Culverts & Dams
Dealing with Dams and Culverts
To many people, “fish passage” means salmon migrating upstream to their spawning grounds and downstream out to sea. There’s more to the story. American shad and river herring (both alewife and bluebacks) once came up and down the Farmington by the tens of thousands too, and some still make the attempt. American eels and sea lampreys still make the journey every year also. Even local fish like trout and dace need to travel freely within the river to find good habitat. Many more animals—reptiles, amphibians, and mammals—need free passage along the edges of rivers and streams to in order survive and maintain healthy populations. There are hundreds of barriers in their way, either old dams or culverts where streams pass under roads.
At FRWA, we work with many partners to remove these barriers.
Dam Removals and Retrofits
The upper reaches of the Farmington offer abundant spawning habitat to migratory fish, but the habitat is under-used because of dams that block upstream passage. Not every dam can be removed– but FRWA is actively engaged in dam-related projects that would provide real benefits to fish and people. FRWA is a member of the River Restoration Network.
In 2009, FRWA received funding from the State of CT (from polluter restitution payments) to coordinate an engineering study of the old
Spoonville Dam in Bloomfield/East Granby. The dam, breached in 1955, pinches the river’s flow to a narrow, fast current that blocks upstream passage for migratory fish such as shad, alewife, and blueback herring as they return from the ocean and swim upstream to spawn. The engineering study concluded that the best way to restore fish passage would be complete removal of the dam, and it provided the design for removal. (Engineering study is available upon request).
Benefits of Removal
River flow rates that once again allow American shad, alewife, and blueback herring to swim up through Tariffville Gorge and access more than 20 additional miles of river. Improved safety for boaters and swimmers. A restored scenic waterfall in place of a derelict dam at a popular fishing site.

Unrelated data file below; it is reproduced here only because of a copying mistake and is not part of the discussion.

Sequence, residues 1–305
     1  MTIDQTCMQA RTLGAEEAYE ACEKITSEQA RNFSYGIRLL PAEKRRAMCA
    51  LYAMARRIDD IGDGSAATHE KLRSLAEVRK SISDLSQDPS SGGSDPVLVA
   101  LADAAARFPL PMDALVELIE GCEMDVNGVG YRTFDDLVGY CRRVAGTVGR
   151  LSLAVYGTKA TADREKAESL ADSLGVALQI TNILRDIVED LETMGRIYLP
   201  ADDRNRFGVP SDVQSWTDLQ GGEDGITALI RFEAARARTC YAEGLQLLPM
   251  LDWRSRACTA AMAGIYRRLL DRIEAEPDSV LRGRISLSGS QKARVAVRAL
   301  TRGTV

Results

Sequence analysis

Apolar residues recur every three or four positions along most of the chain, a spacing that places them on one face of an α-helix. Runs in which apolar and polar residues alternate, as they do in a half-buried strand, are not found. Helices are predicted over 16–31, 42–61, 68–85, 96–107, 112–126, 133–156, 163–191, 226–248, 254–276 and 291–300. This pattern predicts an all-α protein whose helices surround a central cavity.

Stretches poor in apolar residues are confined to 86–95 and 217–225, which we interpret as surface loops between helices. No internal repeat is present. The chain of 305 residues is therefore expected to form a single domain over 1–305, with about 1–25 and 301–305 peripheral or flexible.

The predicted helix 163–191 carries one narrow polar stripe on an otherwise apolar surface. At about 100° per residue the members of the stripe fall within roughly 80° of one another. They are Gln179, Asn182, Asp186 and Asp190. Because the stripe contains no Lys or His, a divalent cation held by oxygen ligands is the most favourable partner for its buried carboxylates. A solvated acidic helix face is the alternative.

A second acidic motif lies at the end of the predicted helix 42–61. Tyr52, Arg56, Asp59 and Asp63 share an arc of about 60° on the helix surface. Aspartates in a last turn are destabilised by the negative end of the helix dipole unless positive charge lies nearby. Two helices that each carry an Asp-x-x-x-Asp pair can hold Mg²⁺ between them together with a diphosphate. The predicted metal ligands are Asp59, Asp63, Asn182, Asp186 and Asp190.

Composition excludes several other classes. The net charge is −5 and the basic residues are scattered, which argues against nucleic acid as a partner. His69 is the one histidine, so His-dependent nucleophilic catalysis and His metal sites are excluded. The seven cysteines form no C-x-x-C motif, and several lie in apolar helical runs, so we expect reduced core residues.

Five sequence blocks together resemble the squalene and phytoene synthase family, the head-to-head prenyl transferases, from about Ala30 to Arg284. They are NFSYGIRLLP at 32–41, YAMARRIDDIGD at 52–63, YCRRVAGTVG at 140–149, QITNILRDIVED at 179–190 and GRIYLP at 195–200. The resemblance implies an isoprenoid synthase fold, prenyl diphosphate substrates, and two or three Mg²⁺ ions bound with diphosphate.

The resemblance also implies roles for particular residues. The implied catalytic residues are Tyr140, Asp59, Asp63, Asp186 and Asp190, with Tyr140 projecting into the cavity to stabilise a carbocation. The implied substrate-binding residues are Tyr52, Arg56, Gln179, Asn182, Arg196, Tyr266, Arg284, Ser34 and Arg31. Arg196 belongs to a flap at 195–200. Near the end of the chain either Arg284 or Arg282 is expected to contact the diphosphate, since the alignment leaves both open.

The towns of East Granby and Bloomfield endorsed removal. The whitewater paddling community benefits from Tariffville Gorge (just upstream of the dam) as the venue for world-class whitewater paddling events. The engineering study demonstrates no adverse impact of dam removal on the whitewater paddling run, except of course losing the chute through the dam breach. The gain in boater and swimmer safety was seen as offsetting the loss of this whitewater play feature. The dam owner, CT Light and Power (a subsidiary of Northeast Utilities) supported removal.
All forms of wildlife require routes of passage within their habitat in order to find food and shelter. Many forms of aquatic wildlife such as fish, mollusks, crustaceans, and insect nymphs also require the ability to move up and down the length of their stream habitat. However, human transportation needs require building infrastructure that allows us to safely pass over these streams. Structures such as bridges allow us to drive over streams on an elevated platform, and culverts divert streamflow to pass underneath roads.
By their nature, rivers and streams are very responsive to changes in hydrology, or the movement of water throughout the landscape. This means that rivers change their course naturally over time, and that water can (and does) transport debris and sediments downstream. These facts can be problematic when part of the river channel is confined to a specific path, such as a tube or tunnel. Unfortunately these structures can interrupt aquatic wildlife corridors if they are not installed or maintained properly. Moreover, failure of a damaged or undersized crossing during flood conditions can pose risks to public safety.
FRWA performs stream crossing assessments through the North Atlantic Aquatic Connectivity Collaborative (NAACC) to prioritize crossings for repair or replacement within the watershed. Learn more at streamcontinuity.org